N O V 2 0 1 4 D E C


B lessings and greetings to all those who serve so nobly and lead our officers to be their best! As 2015 dawns upon us and we wrap up the loose ends of 2014, I am reminded of the recurrent theme for the past year: “Touchstones: Remembering the Important”. Being grounded and anchored to those truths and guidelines that mean so much to us is vital as we embark on the journey of life as it pertains to our careers as law enforcement command officers. We all remember the day when we completed the require- ments to become a certified police officer; proud to serve the pub- lic and our respective agencies. As our loved ones witnessed this achievement, each of us had a special person in our life pin that badge on us as they beamed with pride. Our ideals, honor, and outlook were solid and sound. Nothing and no one would deter us from our calling to serve as police officers. But, all too often, under the great pressures of our ever-chang- ing profession, we sometimes allow ourselves to be slowly ground down, losing sight of that noble calling, and casting our vision downward. The effects of that downward spiral can be devastating. It impacts our fellow command officers, the officers for whom we are responsible, and, at the very worst, affects our families. It is at those times we must call ourselves back in order to move ourselves forward which is the overarching theme of my four-year tenure as your chaplain. This is the true value of having touch- stones in our lives where we can return and be refreshed, strength- ened, and recommitted to the task at hand. It may be as simple as recalling those true touchstone prin- ciples that brought us to this noble profession: the deep need to be of value to others, the willingness to risk, even sacrifice, our very lives in the protection of others, and the strong desire to make a difference in this world. At times, when I suffered setbacks in my career which caused me to become calloused to others (including my family), I some- times had to look down at the shoulder patch of my uniform as a simple touchstone reminder of the values that brought me to this position. I reflected on the hundreds, perhaps thousands, who yearned to wear that patch but were not successful. I dwelled on the thousands of officers in our department who had served so proudly in our nearly 100-year history and remembered the clarion call of the motto in the academy: “We are building a reputation, not resting on one.” I reflected on that day of days when I gradu- ated from the police academy and my wife pinned my badge on the uniform I had earned after five months of rigorous training. Touchstones can provide the anchor and grounding as we em- bark on our law enforcement careers. As long as they are recalled and remembered, they become more precious to us as we encounter the ups and downs of our journey. As 2015 begins, our theme during this year is “Mountaintops and Valleys: Our Journey”. While we all enjoy and remember the mountaintop experiences during our careers, there can be no moun- “From Touchstones to Our Journey” by Dan Bateman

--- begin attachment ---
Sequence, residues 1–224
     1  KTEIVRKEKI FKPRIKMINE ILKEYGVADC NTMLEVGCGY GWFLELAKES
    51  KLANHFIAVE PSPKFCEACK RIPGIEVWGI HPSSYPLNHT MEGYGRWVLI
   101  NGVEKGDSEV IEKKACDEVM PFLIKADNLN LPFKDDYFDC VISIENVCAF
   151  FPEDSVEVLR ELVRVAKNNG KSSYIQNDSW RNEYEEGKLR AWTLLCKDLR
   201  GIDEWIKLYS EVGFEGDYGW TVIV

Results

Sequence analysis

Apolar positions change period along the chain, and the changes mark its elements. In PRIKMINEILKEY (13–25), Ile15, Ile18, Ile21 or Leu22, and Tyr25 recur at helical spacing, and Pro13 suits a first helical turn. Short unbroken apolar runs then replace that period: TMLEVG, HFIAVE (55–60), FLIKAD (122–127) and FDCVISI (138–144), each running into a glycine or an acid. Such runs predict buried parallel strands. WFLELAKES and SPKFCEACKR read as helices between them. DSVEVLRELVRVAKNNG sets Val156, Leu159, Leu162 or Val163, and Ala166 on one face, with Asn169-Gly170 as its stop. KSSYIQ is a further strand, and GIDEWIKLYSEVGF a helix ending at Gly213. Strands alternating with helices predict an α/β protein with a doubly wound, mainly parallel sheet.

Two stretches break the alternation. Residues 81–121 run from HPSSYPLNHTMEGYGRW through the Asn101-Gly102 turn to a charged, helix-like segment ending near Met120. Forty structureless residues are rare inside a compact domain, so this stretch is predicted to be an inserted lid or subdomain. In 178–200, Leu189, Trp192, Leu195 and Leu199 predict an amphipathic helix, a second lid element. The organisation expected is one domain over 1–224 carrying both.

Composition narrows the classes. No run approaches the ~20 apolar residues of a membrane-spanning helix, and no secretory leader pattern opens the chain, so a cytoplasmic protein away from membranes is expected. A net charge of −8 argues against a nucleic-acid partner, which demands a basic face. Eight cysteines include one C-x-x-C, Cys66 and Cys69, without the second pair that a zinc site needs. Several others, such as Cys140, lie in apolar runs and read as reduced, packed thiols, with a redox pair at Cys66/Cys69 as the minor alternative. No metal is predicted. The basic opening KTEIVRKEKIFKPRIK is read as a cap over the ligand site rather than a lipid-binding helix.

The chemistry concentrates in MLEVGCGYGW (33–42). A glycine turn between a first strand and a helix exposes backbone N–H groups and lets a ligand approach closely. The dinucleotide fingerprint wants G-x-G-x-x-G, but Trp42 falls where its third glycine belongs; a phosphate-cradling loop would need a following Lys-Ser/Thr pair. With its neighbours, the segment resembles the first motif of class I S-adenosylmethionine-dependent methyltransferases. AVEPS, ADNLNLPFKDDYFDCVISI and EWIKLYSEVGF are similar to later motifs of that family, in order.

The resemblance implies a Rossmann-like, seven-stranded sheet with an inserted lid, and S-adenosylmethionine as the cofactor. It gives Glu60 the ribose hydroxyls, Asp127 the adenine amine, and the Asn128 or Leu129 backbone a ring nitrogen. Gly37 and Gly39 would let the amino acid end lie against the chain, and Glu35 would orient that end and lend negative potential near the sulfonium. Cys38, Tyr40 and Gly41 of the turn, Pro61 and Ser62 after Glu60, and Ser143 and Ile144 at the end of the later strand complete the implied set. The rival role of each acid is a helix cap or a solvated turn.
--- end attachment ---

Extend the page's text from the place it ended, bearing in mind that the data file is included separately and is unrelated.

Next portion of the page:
taintops without the valleys between the mountains. Our journey will take us to the tops of mountains as we enjoy our triumphs and accomplishments but our journey will also take us through the valleys with its dark shadows and ever-present dangers. Building on the touchstone foundations in our lives will prepare us for the darkness of the valleys. Sometimes we can lessen the dangers of the valleys and ascend more rapidly to the mountaintop if we look to those who have ex- perienced both paths. As we study these trailblazers, we can avoid some of the pitfalls that threaten our journey to return us to the path leading to the mountaintop. One such person can be found in the pages of the Bible’s Old Testament: Joseph. I love the Bible because it was written by our Creator. It’s an “owner’s manual” of sorts because the vast spectrum of human experience can be found within its holy pages. And Jo- seph is the archetypical pathfinder who had great mountaintop ex- periences but encountered deep, dark valleys on his journey. How he succeeded is a great lesson for us, as well. Joseph was beloved by his father to the point his eleven broth- ers were jealous. In selling Joseph to slavers to satisfy their jealousy, his brothers thought they were rid of the problem as Joseph de- scended into the valley of slavery. But Joseph never left the touch- stone principles of faith and determination and soon rose to a posi- tion of prominence in the household where he served. Joseph was on a mountaintop…until lies and deceit by oth- ers forced Joseph into the valley of imprisonment. He languished there for years, still faithful to God, but perhaps questioning why. Providentially, Joseph helped a fellow prisoner who had once been a prominent servant to the Pharaoh. After consulting with Joseph, the advice received resulted in the servant’s freedom and the moun- taintop hope of Joseph’s freedom as a reward. Regrettably, with a promise to remember, the servant soon forgot Joseph who remained in prison and in the valley. After some time, the servant recalled Joseph’s kindness and brought him before Pharaoh. From the valley of prison, Joseph rose to the mountaintop of becoming the great Pharaoh’s second-in-command. In time, Joseph’s brothers were brought before him not know- ing the second-in-command of Egypt was their very own brother thought dead! Some great reading can be found in the Old Testa- ment book of Genesis Chapters 42-45 as Joseph had the absolute

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